I could hear myself talking. There were words coming out of my mouth but I wasn’t really in control of what I was saying or where my monologue was going. The rest of the room was silent, the young riders and the other coaches totally captivated by my story.
When I finally finished, I felt like I was going to throw up, like my heart would explode. It had taken 18 years for me to get to this moment and I’ve no idea why I decided then was the right time.
Maybe it was because I was talking to juniors who still had a chance to be whatever they wanted, empty books with the pages yet to be written. Maybe I wanted them to avoid making those same mistakes that I did. Or perhaps I’d just accepted who I was and was finally ready to start living my life free of the demons of my past.
Being a good bike racer isn’t just about pedalling fast. It’s about being a cyclist, 24 hours a day, seven days a week. You’re not just a rider when you swing your leg over the bike at the start of the ride. And you don’t stop being one when you roll your bike into the garage afterwards. It’s a part of everything you do, from going shopping to eating dinner. Is walking going to be bad for my legs? Should I be eating that dessert? The questions never stop.
The combination of physical strength and a committed cyclist’s life still isn’t enough though. Most people think getting fit and peaking at the right time is the biggest challenge for a rider. They couldn’t be more wrong. There’s something else required to make everything click into place. The problem is that it’s also the most elusive part.
The real battle is much harder to control and also much closer to home: it’s with your mind. It can be your strongest weapon as you face the biggest race of your season, but more often than not, it can be your undoing. When the going gets tough, it won’t be your legs that give in. Mind over matter, as they say.
As a racing cyclist, what you do only defines the public perception of you. It’s doesn’t change how you feel inside. Being outwardly happy doesn’t mean you are – it just means you’re good at looking happy. It took me 18 years to understand that. Until that day in a lodge in Derbyshire, I’d lived behind a mask, hiding who I really was.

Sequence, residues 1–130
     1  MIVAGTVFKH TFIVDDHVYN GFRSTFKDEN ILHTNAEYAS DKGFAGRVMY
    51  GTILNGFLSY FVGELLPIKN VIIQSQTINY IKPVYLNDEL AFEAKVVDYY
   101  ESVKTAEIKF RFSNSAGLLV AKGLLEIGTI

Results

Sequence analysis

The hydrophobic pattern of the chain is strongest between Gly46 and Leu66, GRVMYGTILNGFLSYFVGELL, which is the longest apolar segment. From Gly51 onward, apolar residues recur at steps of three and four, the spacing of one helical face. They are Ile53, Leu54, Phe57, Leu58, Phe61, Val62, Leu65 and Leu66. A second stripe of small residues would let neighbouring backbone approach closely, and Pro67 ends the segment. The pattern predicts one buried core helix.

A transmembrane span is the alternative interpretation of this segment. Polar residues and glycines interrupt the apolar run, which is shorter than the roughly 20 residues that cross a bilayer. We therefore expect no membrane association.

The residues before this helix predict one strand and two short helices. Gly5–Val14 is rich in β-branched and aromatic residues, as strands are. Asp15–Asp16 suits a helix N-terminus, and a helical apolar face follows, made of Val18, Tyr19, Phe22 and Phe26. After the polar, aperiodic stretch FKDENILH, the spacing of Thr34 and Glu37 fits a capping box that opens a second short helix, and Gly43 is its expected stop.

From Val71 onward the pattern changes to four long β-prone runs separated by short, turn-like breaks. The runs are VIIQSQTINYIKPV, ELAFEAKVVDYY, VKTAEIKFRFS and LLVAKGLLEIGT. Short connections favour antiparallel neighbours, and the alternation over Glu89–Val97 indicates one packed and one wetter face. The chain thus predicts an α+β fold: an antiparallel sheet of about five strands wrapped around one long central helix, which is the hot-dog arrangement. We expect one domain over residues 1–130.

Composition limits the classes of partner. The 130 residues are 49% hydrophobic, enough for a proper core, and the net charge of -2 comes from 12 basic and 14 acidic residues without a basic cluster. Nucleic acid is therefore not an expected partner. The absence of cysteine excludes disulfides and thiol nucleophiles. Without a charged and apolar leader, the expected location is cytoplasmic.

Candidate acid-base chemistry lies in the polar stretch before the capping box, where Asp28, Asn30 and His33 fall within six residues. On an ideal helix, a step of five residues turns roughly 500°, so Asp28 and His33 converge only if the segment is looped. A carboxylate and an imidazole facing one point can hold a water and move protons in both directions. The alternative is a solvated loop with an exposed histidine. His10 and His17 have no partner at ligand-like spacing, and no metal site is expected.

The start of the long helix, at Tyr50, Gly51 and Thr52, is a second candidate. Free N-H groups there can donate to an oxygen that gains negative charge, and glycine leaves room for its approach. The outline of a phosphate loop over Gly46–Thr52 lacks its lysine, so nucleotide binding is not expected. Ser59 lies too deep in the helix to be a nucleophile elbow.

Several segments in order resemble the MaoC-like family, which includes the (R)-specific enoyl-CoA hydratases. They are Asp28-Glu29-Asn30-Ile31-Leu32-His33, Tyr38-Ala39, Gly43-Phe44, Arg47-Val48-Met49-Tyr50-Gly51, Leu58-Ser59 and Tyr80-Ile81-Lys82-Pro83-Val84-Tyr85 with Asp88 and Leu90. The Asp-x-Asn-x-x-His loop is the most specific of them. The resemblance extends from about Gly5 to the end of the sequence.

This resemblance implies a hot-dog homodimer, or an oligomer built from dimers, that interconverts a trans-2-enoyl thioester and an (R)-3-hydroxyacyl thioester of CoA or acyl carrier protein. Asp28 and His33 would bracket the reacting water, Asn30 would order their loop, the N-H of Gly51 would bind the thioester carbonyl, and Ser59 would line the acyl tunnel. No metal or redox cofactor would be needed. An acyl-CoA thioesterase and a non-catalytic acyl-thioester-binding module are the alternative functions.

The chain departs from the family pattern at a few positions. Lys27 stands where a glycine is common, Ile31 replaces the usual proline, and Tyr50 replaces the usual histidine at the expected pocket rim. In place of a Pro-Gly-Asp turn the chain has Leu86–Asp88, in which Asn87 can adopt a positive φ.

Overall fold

Bad things happen to everyone, so I’m not going to pretend I’ve had a tough life, but it hasn’t always been easy. You play the cards you’re dealt and my hand included not having a mum after the age of 11. Breast cancer ended the happily-ever-after fairytale.
If she was scared before the end, she didn’t show it, not to me anyway. That’s the main thing I took from that situation: you don’t show weakness and you don’t give in. That mentality made me the bike rider I was, but it’s also probably had a negative impact on other parts of my life.
Not being able to change the past is one thing, totally ignoring it is a different matter. Don’t feel sorry for yourself, don’t show weakness, I kept telling myself. So I didn’t. Nor did I show any emotions.
It’s now my job to develop young riders and the coaches that work with them. One key question I ask the coaches is “Why do you coach?” It’s important, because it makes them think about what they need to do to improve themselves. I wish I’d asked myself as an 18-year-old: “Why do you race a bike?”
The younger version of me would have had a totally different answer. I didn’t just race because I enjoyed it, I did it because I wanted to be someone. Without the bike I was a nobody, I had nothing to offer – or so I believed, anyway. I thought that being a successful rider meant I would be good at something, people would look up to me and I would feel happier. I was wrong.
Some people are naturally confident and can take on any challenge with a bounce in their step. I’m not like that. Off the bike my confidence was so fragile that it started to have a serious impact on my life.